Carnegie Museum of Natural History to host National Geographic Society’s Monster Fish Exhibition

Exhibition runs October 8, 2021-April 10, 2022 
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Dr. Zeb Hogan with 46-inch Giant Eurasian Trout in the Üür River, Mongolia. Image courtesy Brant Allen.

Monster Fish: In Search of the Last River Giants is based on the popular Nat Geo WILD show hosted by Dr. Zeb Hogan featuring rare, giant freshwater fish from around the world

Carnegie Museum of Natural History invites visitors to dive beneath the surface of the world’s rivers in the National Geographic Society exhibition Monster Fish: In Search of the Last River Giants, opening October 8. The interactive exhibition, based on the popular Nat Geo WILD show Monster Fish, includes five extraordinary, life-size sculptures of monster fish as well as videos and hands-on interactive activities for all ages.

Monster Fish takes visitors on a journey to river basins around the world to learn about colossal fish and the people who depend on them. Through detailed maps, sculptures, and custom illustrations, the exhibition showcases close to 20 fish species and their diverse freshwater ecosystems. In addition to highlighting the biology of each species, the exhibition depicts the cultural ties between the fish and local people. From mythical tales and storied traditions to threats and conservation efforts, visitors will leave with a greater understanding of the connection between humans and fish. Dr. Zeb Hogan, aquatic ecologist, National Geographic Explorer and host of the Nat Geo WILD series Monster Fish, has spent nearly two decades searching for and studying the rare, large freshwater fish species profiled in the exhibition.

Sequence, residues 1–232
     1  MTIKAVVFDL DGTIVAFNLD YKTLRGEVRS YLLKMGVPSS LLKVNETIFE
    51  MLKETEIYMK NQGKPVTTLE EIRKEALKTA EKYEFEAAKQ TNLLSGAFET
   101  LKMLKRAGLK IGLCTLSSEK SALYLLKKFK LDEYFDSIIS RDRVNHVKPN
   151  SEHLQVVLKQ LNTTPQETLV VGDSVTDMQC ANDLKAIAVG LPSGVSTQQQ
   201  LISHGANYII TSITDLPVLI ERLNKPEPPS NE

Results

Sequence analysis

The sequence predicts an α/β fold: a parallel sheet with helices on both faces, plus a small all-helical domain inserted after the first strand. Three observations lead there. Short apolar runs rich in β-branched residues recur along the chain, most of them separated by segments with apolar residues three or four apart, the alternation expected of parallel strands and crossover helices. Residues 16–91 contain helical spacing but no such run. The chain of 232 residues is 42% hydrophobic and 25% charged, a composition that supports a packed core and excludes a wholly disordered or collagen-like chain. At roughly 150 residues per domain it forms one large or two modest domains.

“In this hands-on exhibition, visitors travel to storied river basins and come face-to-face with the fish through beautiful life-size sculptures and interactives,” said Sarah Crawford, Director of Exhibitions at Carnegie Museum of Natural History. “Monster Fish supports the museum’s commitment to explore the interconnectedness of life on earth. The story of these fascinating fish has become so intertwined with that of humans—from sport fishermen as environmental stewards to scientists who seek to research and protect the fish. For thousands of years, people have been fascinated by these freshwater giants, as will the visitors to this exhibit.”

“This fascinating exhibition is a trip around the world with one of National Geographic’s Explorers in search of bizarre and extraordinary species of freshwater fish,” said National Geographic’s vice president of Public Experiences, Kathryn Keane. “Zeb Hogan shows us that despite their size, these fish are an increasingly fragile link in some of the most important freshwater ecosystems on Earth.”